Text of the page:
The second reason is that (assuming the sample is large enough to get a good idea of the characters and plot) the reader is already invested in the book. You started to read it, so you want to finish. And since the best way to finish reading the book is to buy it (unless both the entire book is offered, and the reader is one of those strange strange people who enjoy a book just the same if they read it on a computer screen), you’d buy it. Before you buy books you care less about and haven’t even started reading.

    This can give any book an advantage that is otherwise reserved for second, and later, books in a series. The reader already wants to know what happens next.

    Which kind of brings us to the other influencing factor. One which I think only has a negative influence, so there’s little chance of catching it on any “why did you buy the last few books” questionnaire.

    First books in a series are at a disadvantage over stand-alone books. First books in a series which are also the author’s debut… are in an even greater disadvantage.

    A series requires more investment in advantage. You know when you buy the first books that you’d eventually either have to buy more books, or will have to abandon a story in the middle.

    For a known author you really like that’s less of a problem, since you have a higher likelihood for believing you’d enjoy the entire series and won’t mind buying the other books. Sure, there are cases of series going downhill in the middle, but it’s far from being a rule.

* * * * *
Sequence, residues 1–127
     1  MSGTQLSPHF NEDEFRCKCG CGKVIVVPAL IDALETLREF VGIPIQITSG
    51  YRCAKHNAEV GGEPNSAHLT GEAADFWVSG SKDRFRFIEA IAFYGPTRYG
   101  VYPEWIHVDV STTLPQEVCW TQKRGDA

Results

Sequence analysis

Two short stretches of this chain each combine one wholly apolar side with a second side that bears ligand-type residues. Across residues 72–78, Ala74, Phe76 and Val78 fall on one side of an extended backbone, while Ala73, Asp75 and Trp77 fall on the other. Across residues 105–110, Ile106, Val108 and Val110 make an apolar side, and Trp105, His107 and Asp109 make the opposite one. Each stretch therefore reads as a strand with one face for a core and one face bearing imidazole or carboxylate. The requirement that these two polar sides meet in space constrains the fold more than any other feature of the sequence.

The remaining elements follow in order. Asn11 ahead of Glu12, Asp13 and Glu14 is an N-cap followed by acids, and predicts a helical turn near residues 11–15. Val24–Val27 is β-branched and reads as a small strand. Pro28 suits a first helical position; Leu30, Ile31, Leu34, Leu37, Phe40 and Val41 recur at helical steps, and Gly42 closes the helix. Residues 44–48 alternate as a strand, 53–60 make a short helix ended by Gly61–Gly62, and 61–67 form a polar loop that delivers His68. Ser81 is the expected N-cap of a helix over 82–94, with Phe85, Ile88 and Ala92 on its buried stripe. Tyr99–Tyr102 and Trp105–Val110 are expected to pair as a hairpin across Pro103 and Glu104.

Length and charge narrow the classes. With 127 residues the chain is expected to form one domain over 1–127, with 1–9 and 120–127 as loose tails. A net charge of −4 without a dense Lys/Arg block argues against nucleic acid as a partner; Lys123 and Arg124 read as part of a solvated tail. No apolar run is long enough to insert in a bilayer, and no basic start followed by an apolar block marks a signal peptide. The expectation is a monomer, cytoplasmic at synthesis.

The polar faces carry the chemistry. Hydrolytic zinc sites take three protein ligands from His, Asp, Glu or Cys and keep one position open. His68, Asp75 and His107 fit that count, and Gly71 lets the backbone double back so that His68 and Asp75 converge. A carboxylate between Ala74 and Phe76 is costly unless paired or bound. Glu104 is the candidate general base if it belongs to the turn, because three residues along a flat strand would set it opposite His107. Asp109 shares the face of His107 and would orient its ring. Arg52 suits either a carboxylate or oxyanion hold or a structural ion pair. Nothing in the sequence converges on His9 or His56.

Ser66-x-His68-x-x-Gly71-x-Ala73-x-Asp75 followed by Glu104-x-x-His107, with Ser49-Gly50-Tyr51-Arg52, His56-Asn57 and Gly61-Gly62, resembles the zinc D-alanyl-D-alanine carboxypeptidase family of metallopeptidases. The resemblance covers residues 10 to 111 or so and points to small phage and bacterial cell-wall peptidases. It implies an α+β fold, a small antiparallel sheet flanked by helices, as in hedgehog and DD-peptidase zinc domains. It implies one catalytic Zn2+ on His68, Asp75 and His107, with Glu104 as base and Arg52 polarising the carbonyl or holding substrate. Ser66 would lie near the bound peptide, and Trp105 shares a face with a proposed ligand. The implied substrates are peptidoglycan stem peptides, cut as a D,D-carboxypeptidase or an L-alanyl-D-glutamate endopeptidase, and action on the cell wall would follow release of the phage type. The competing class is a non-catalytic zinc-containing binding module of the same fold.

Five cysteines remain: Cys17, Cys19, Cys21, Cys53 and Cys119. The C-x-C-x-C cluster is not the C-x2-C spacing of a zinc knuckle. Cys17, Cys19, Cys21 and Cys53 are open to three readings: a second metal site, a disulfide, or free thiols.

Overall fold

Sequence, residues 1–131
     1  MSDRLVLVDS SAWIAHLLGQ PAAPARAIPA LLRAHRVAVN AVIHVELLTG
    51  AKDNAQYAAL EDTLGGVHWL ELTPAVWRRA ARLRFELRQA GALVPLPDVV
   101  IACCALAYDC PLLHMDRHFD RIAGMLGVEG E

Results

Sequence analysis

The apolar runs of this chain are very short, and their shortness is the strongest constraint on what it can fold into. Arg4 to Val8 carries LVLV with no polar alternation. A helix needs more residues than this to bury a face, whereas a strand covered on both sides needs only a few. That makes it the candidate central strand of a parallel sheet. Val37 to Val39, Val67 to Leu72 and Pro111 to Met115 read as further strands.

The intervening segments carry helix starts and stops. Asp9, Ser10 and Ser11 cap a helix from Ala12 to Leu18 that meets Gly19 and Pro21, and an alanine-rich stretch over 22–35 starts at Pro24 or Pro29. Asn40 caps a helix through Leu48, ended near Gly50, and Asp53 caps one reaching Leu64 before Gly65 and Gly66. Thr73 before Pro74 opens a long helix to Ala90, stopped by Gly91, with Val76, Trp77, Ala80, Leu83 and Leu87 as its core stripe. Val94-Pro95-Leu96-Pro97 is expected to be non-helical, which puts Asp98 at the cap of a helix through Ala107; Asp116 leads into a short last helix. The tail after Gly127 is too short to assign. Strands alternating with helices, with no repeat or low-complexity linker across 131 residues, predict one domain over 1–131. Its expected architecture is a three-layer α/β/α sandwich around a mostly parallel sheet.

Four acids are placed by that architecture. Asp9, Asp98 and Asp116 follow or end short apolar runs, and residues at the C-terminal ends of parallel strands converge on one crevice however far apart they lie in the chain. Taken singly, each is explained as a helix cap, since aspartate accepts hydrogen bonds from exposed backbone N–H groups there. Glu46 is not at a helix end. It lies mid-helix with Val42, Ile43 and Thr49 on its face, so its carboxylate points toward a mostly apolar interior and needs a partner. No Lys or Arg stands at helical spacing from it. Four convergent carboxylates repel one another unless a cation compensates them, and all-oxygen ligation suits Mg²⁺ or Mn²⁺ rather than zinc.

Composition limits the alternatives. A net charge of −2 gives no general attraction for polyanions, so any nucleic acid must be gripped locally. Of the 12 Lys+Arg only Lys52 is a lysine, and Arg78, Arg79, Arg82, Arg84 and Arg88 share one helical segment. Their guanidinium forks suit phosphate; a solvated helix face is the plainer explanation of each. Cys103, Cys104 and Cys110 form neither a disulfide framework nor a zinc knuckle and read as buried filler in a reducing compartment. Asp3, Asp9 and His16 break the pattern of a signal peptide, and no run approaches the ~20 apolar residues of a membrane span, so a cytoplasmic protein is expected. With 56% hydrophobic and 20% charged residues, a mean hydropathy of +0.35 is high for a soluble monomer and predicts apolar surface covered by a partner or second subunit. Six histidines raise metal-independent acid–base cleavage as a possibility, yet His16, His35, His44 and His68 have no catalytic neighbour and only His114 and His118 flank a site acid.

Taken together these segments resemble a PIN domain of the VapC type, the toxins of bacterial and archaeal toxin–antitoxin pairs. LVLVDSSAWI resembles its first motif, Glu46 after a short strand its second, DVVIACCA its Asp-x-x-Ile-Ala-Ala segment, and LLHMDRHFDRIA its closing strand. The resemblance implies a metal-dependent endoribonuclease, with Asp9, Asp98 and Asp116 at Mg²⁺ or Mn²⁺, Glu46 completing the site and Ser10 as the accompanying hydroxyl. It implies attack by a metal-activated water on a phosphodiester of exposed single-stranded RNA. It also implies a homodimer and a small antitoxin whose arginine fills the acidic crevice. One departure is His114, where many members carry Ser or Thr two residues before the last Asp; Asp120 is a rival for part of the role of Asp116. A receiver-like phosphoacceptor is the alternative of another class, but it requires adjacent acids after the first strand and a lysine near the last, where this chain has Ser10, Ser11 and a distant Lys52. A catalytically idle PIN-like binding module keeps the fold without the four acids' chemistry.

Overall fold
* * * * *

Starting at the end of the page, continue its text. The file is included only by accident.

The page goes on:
For a debut novel, though, and especially one where the author doesn’t have accessible short stories, or anything else published, it’s a big hurdle to pass. A debut is always a bigger gamble, but instead of gambling on one book the reader is asked to gamble on a series of books.

    There are also people who don’t want to read a series until it’s entirely out. Meaning that they’ll only buy a book in a series when they buy the whole series. And that’s even harder to do when you don’t have any experience with the author.

    It’s not a huge problem. I bought quite a few first in a series debuts myself. But it does get the book a harder time when prioritizing which books to buy.

  11. David Louis Edelman on December 12, 2006 at 1:37 pm  Chain link

    Thanks for that, Yaron. I agree with both your points, and I’m very pleased that Pyr is letting me post large swaths of Infoquake on my website (something like 26,000 words).

    You say: First books in a series are at a disadvantage over stand-alone books. First books in a series which are also the author’s debut… are in an even greater disadvantage.

    Now you tell me! I honestly thought I was being savvy when I started writing a series as my debut, but I’ve since discovered otherwise.

  12. Yaron on December 12, 2006 at 2:59 pm  Chain link

    something like 26,000 words